Definition of thimble in English:
- Daily, a monitor or more advanced student, distributed to each girl in her class a pinafore to wear and a thimble, needle, thread, and materials for work.
- To keep the nails in place, Ancient Egyptian embalmers sometimes either tied the nails to the fingers and toes, or covered them with metal thimbles.
- Mary was sitting on the bed, tapping her foot and humming a tune as she set her needles, thimble, and thread into a sack.
- All the brass furniture including the buttplate, sideplate, ramrod thimbles, trigger guard, and patchbox were hand polished bright.
- It rests in a stainless-steel thimble screwed to the bottom of the barrel.
- First produced in 1876, it's immediately recognizable by the wiping rod held in thimbles beneath the barrel.
thumb from (Old English):
Like finger, thumb is Old English. It shares an ancient root with Latin tumere ‘to swell’, probably because the thumb is a ‘fat’ or ‘swollen’ finger. Thimble is formed from thumb, in the same way that handle is formed from hand. The expression thumbs up, showing satisfaction or approval, and its opposite thumbs down, indicating rejection or failure, hark back to the days of Roman gladiatorial combat. The thumbs were used to signal approval or disapproval by the spectators—despite what many people believe, though, they turned their thumbs down to indicate that a beaten gladiator had performed well and should be spared, and up to call for his death. The reversal of the phrases' meaning first appeared in the early 20th century. In one of the stories from Rudyard Kipling's Puck of Pook's Hill ( 1906), a Roman centurion facing a bleak future says to his friend, ‘We're finished men—thumbs down against both of us.’ In Shakespeare's Macbeth the Second Witch says as she sees Macbeth, ‘By the pricking of my thumbs, / Something wicked this way comes.’ A sensation of pricking in the thumbs was believed to be a foreboding of evil or trouble. See also limb, rule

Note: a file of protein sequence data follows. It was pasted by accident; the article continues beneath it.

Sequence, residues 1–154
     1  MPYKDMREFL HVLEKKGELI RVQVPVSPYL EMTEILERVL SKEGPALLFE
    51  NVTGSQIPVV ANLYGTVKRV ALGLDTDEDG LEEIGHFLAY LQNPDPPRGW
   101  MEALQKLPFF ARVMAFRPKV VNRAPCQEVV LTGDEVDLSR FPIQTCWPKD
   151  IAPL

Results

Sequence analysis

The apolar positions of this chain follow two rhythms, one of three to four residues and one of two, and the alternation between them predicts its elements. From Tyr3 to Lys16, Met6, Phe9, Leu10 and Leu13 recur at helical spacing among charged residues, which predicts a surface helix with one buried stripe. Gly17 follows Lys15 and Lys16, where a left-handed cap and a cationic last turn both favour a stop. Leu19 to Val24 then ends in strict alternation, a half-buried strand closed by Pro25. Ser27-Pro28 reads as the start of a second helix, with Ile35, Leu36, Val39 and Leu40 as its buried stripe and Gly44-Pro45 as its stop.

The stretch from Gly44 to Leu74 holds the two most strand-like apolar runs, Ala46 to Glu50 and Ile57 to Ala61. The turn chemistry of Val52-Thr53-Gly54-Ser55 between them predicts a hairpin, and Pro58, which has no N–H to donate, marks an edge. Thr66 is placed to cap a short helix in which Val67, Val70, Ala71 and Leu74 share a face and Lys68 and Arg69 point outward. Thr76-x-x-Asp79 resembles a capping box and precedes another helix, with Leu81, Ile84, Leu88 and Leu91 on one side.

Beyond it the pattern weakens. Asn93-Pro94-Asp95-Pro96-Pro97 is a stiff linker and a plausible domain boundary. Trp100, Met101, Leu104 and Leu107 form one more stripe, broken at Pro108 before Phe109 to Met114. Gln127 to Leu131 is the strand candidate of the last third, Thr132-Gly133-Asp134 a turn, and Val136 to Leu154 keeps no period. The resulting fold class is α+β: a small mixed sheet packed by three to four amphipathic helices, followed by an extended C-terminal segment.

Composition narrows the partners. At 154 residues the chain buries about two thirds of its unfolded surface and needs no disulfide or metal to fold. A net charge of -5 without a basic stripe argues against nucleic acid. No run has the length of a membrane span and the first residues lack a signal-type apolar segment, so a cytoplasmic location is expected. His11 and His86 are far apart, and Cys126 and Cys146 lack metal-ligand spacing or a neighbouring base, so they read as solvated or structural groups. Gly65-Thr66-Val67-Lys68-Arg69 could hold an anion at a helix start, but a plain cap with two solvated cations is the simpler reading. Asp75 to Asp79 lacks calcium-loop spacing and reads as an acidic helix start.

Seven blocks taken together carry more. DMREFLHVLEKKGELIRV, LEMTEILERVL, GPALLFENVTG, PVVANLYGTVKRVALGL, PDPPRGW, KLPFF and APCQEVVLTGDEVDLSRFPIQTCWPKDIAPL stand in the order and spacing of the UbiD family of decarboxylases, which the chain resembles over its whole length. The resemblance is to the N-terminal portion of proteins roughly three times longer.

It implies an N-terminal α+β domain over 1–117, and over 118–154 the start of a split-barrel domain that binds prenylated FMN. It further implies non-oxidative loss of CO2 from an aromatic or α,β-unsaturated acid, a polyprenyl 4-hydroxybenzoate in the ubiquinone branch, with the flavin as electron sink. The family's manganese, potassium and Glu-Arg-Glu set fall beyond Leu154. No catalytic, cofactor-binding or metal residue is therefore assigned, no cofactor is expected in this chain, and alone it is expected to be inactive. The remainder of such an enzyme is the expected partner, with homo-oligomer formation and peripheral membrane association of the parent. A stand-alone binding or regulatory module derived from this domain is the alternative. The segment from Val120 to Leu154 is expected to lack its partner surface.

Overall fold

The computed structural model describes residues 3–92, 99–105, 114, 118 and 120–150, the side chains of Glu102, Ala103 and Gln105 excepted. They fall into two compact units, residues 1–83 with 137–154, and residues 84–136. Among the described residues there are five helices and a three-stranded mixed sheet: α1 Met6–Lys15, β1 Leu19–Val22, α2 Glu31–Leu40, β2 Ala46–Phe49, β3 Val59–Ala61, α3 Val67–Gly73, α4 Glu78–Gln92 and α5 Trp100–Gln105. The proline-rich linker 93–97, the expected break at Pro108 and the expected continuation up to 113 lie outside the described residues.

Definition of thimble in:
- British & World English dictionary
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